I am not one to suffer losses to inferior coaches well. This tends to stem from the perception that when a team wins, unless there is a significant disparity in the quality of the two teams, the belief is that the team that won that game was, and will always be, the better team, and not that they were merely the better team solely on that given day.
It may explain why I wrote scathing criticisms of then-Auburn coach Gene Chizik and then-USC coach Lane Kiffin within two weeks of each other last fall. They are the two coaches who benefited the most in their coaching reputation from victories over Oregon. Each one found himself ranked #1 in the country shortly following a win over Oregon. Yet the fact that both were unemployed within two years of achieving that ranking shows how inflated their reputations were, largely on the mindset that by beating the Ducks, they were somehow better than Oregon.
So as everyone is quick to pile on Lane Kiffin these last two days as they shovel the dirt on his coaching career, it would make sense that I would be as happy as anyone else. The public has figured out he was not a very good (head) coach.
Instead, I find myself disappointed, because I loved having Lane Kiffin as the head coach of USC.
The level of mediocrity he brought to the storied program he coached was something I wanted to last forever. I appreciated how he was good for a guaranteed seven to nine wins. It was tough when USC won head-to-head recruiting battles for players like Marqise Lee, but I appreciated that he brought tons of four- and five-star recruits to Los Angeles only to never develop them. Had they played for other schools, those players could have been weapons against the Ducks that could have shifted the scope of the Pac-12 and national title picture. Instead, those players remained undeveloped and stowed away in the Coliseum, serving as relatively harmless talent until the time they were released into the NFL.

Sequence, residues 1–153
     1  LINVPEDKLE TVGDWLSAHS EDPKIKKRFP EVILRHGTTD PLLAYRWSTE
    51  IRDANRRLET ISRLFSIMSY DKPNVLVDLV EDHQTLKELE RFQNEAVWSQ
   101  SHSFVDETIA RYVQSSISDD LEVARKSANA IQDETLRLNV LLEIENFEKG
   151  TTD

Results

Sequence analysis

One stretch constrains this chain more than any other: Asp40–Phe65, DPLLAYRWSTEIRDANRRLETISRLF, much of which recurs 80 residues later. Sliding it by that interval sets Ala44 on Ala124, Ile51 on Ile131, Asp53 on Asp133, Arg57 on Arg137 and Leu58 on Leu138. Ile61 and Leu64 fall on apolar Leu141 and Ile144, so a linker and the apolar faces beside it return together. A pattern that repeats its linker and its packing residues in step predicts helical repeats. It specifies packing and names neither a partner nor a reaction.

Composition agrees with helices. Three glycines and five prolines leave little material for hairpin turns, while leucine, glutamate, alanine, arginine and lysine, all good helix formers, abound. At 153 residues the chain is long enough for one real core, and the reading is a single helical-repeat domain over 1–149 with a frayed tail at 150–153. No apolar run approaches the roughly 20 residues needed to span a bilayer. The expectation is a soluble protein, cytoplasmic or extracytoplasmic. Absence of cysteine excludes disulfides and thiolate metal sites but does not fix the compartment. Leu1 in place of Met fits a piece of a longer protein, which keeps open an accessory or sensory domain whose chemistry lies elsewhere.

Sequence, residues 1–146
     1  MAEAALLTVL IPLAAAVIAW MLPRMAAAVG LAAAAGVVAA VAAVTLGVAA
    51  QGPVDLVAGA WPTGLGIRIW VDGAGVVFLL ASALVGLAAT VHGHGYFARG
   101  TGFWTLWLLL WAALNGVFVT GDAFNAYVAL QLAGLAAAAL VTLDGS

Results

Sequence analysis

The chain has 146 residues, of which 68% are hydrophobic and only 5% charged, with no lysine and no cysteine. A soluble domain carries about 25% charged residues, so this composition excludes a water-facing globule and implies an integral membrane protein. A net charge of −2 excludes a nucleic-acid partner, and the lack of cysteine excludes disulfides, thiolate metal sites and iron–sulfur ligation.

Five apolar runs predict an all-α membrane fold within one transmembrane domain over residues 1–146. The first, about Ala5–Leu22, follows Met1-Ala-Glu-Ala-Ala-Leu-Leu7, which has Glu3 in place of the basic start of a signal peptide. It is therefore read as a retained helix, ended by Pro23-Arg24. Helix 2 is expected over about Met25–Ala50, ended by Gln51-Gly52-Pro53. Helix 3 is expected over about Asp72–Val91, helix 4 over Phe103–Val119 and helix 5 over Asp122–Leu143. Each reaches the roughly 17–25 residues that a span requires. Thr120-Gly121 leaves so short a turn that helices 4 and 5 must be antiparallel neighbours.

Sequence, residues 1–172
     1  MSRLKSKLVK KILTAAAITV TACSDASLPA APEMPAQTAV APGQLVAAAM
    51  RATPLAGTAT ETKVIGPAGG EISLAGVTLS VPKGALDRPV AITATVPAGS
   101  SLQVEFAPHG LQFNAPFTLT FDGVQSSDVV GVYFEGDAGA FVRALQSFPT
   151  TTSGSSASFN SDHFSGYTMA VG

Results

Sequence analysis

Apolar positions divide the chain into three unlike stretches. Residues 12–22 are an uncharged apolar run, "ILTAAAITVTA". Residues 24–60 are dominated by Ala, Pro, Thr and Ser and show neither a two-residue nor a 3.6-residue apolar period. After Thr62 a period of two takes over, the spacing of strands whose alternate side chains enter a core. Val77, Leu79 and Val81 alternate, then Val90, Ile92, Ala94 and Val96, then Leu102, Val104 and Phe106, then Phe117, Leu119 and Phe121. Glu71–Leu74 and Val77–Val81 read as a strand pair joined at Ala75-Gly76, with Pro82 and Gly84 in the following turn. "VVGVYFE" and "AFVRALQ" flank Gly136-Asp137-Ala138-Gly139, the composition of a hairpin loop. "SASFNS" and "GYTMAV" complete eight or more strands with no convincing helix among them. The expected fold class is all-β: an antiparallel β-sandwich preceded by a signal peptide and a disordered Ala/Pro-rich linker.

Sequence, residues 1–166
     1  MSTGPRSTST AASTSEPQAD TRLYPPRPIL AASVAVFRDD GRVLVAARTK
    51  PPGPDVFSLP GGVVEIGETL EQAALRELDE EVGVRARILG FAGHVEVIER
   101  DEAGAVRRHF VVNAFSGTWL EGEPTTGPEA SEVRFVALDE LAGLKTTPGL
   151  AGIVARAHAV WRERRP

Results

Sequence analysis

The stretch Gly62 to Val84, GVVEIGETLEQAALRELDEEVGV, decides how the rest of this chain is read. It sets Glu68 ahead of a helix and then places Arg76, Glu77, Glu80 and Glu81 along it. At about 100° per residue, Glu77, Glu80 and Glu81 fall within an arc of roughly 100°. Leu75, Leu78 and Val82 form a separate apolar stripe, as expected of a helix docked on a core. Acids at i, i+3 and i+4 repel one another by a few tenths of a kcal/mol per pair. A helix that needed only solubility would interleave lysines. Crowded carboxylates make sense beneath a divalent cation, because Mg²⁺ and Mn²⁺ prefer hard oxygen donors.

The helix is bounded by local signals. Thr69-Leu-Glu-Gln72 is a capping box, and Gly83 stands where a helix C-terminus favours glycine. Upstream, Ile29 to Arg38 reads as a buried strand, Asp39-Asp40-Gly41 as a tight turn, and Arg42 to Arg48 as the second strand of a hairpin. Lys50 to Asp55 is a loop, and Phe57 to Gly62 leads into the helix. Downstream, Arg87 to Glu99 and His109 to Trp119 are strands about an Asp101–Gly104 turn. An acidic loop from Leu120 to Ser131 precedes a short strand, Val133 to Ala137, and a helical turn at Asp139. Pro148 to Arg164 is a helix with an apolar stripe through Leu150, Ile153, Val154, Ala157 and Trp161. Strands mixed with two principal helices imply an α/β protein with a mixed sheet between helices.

While it had been reflexive to root against the Trojans whenever I watched them, I would also find myself disappointed as they began their downward spiral at the end of last season. Every time USC lost, the seat got hotter for him, and I worried that too many losses could bring his eventual departure. I wanted him to stay there as long as possible.
I did know that Kiffin would never be a long-term presence at the Coliseum and that the clock was always ticking on a coach who seemed both under qualified and overmatched for the job. He was at a school where being liked by fans and boosters mattered more than it does any other place and he made himself as unlikeable as possible. He was USC’s answer to Ty Willingham, the coach who would preside over the descent of a once-elite program into Pac-12 mediocrity.
Where Kiffin and Willingham differed, and why Kiffin met his demise sooner, was because of their personalities. While Duck fans may have celebrated Washington’s losses, it was hard to root against someone like Willingham beyond his Husky association, as he gave every indication of being an individual of high character.